only possible by porting these algorithms into massively-parallel systems with

many-core processors. However, by reason of complex and non-local data de-

pendency between butterfly-connected operations, the existing deeply serial-

ized FT-algorithms are not well adapted for the massively-parallel implementa-

tion. For example, it was recently reported in [2] that, by using two quad-core

Intel Nehalem CPUs, the direct convolution approach outperforms the FFT-

based approach on a 512×512×512 data cube by at least five times, even when

the associated arithmetic operation count is approximately two times higher.

This result demonstrates that, because of the higher regularity and locality in

the computation and data access (movement), the convolution achieves signifi-

cantly better performance than FFT even with a higher arithmetic complexity.

Because cost of arithmetic operations becomes more and more negligible with

respect to the cost of data access, we envision that the conventional matrix-

based DT-algorithms with simple, regular and local data movement would be

more suitable for scalable massively-parallel implementation.

As three-dimensional, an N×N×N discrete transforms are computationally

intensive problems with respect to N they are often calculated on large, mas-

sively parallel networks of computer nodes, each of which includes at least one

processor that operates on a local memory. The computation of a transform

on a network having a distributed memory requires appropriate distribution

of the data and work among the multiple nodes in the network as well as

orchestrating of data movement during processing.

For parallel implementation of the 3D discrete transforms (at least for the

very popular Fourier transform), there are two distinct approaches which are

differ in the way of data decomposition over the physical network of computer

2

nodes. One approach is the 1D or “slab” decomposition of a 3D N×N×N

initial data which allows scaling (or distribution of work) among P nodes,

where a 2D slab of size N×N×(N P

), 2 ≤ P ≤ N, is assigned to each node.

Different implementations of the 3D FFT with a “slab” decomposition can be

found, for example, in [3], and [4]. Although this approach has relatively small

communication cost, the scalability of the slab-based method or the maximum

number of nodes is limited by the number of data elements along a single

dimension of the 3D transform, i.e. Pmax = N .

Another approach is the 2D or “pencil” decomposition of a 3D N×N×N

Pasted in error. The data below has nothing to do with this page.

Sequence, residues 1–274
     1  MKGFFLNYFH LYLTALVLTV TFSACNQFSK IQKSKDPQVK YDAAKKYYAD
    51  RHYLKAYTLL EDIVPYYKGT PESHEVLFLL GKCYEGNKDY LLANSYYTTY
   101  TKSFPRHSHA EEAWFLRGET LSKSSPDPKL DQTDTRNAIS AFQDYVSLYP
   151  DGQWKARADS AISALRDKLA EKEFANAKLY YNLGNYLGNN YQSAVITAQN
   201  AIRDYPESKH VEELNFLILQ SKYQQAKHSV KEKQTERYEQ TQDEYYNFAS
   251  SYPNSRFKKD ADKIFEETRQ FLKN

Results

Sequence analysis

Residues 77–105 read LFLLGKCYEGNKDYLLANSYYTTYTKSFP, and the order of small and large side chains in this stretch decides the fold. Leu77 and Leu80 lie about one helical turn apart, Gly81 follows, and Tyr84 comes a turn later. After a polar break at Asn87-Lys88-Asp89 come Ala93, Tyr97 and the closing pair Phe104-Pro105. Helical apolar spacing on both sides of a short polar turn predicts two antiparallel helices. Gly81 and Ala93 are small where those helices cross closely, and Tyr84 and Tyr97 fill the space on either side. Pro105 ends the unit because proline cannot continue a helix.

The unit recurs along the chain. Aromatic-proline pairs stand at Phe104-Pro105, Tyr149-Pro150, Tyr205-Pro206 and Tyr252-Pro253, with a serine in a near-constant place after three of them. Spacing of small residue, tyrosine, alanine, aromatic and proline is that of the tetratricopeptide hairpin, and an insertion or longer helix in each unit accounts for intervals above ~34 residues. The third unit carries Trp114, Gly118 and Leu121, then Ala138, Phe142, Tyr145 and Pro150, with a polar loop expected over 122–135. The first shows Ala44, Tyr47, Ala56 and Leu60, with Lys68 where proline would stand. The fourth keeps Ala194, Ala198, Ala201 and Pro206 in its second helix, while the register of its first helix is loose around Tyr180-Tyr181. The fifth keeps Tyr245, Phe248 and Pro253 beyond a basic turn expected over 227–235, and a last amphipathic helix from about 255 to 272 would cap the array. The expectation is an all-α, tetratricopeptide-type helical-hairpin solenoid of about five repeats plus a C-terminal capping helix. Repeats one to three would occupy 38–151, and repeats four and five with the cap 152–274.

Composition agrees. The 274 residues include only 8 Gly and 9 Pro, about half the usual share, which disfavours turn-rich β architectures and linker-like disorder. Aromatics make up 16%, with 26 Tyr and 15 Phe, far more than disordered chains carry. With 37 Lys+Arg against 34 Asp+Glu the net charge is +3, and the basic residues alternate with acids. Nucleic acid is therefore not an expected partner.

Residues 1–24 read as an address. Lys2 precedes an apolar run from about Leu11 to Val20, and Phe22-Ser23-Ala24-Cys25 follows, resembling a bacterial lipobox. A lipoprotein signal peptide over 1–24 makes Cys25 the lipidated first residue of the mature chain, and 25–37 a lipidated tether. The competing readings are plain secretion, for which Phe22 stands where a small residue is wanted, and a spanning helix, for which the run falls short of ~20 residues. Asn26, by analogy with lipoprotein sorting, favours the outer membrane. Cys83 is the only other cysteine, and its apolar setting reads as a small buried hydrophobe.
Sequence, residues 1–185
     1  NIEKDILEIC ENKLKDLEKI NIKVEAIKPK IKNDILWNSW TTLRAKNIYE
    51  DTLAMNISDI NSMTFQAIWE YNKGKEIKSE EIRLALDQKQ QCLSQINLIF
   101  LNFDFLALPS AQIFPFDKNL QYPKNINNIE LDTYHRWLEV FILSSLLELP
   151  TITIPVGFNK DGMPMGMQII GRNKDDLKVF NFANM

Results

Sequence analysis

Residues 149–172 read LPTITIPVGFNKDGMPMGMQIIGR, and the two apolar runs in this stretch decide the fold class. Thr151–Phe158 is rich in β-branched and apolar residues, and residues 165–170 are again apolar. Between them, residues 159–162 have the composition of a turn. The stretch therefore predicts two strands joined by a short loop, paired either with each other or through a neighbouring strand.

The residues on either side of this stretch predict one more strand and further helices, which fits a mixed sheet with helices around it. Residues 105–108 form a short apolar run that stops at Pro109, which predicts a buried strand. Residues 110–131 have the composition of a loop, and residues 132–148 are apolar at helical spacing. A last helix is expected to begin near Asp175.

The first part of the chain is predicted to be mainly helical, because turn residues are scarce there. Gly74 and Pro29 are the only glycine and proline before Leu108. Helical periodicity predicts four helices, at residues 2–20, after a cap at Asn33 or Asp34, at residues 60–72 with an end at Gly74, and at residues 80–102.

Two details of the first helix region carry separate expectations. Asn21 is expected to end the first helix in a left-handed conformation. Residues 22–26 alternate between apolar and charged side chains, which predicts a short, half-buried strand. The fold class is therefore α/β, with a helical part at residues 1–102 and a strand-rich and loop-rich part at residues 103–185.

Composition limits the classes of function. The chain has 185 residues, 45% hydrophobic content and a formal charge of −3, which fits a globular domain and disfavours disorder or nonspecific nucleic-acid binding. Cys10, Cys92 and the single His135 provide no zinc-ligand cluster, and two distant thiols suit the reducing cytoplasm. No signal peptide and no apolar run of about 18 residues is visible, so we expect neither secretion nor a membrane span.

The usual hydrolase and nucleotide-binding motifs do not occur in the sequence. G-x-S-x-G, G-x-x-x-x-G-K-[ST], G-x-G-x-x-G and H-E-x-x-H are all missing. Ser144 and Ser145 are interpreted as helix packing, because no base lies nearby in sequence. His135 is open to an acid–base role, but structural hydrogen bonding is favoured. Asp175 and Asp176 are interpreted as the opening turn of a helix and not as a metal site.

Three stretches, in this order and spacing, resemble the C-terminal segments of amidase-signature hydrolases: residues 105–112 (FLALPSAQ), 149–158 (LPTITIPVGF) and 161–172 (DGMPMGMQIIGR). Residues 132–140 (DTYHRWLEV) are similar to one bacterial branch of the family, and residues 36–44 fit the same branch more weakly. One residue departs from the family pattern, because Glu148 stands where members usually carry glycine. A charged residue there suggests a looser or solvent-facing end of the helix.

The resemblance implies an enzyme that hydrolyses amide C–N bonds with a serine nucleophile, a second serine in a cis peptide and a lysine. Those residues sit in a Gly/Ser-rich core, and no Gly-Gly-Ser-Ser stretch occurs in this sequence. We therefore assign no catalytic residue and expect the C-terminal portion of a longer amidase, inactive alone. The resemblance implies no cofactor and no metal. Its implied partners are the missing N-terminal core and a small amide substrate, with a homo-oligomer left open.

initial data among a 2D array of P ×P nodes, where a 1D “pencil” of size

N×(N P

)×(N P

), 2 ≤ P ≤ N, is assigned to each node [5], [6]. This approach

overcomes the scaling limitation inherent into previous method since it in-

creases the maximum number of nodes in the system from N to N2. However,

this increasing the number of nodes leads to rising of the communication cost.

It is important to note that in the both above mentioned, so-called “trans-

pose” approaches, the computational and communication parts are separated.

Moreover, a computational part is usually implemented inside each node of a

network by using the 2D or 1D fast DXT algorithms for “slab”- or “pencil”-

based decomposition, respectively, without any inter-node communication.

However, after completion of each computational part, a transposition of the

3D matrix is required to put data in an appropriate dimension(s) into each

node. That is, one or two 3D matrix transpositions would be needed for the

1D or 2D data decomposition approaches, respectively. Each of the 3D ma-

trix transposition is implemented by “all-to-all” inter-node, message-passing

communication. This global communication imposes an overhead which is pro-

portional to the number of nodes and can be a dominant factor in the total

time of processing for even small number of nodes [7].

The proposed in this paper a new, transpose-free approach for parallel im-

plementation of the 3D discrete transforms increases even further a scalability

in the maximum number of nodes from N2 to the theoretical limit of N3 by

using, firstly, the 3D or “cubical” decomposition of an N×N×N initial data

and, secondly, fusion of a local, intra-node computation with a nearest-neighbor

inter-node communication at each step of processing. The 3D transforms are

represented as three chained sets of (general) mat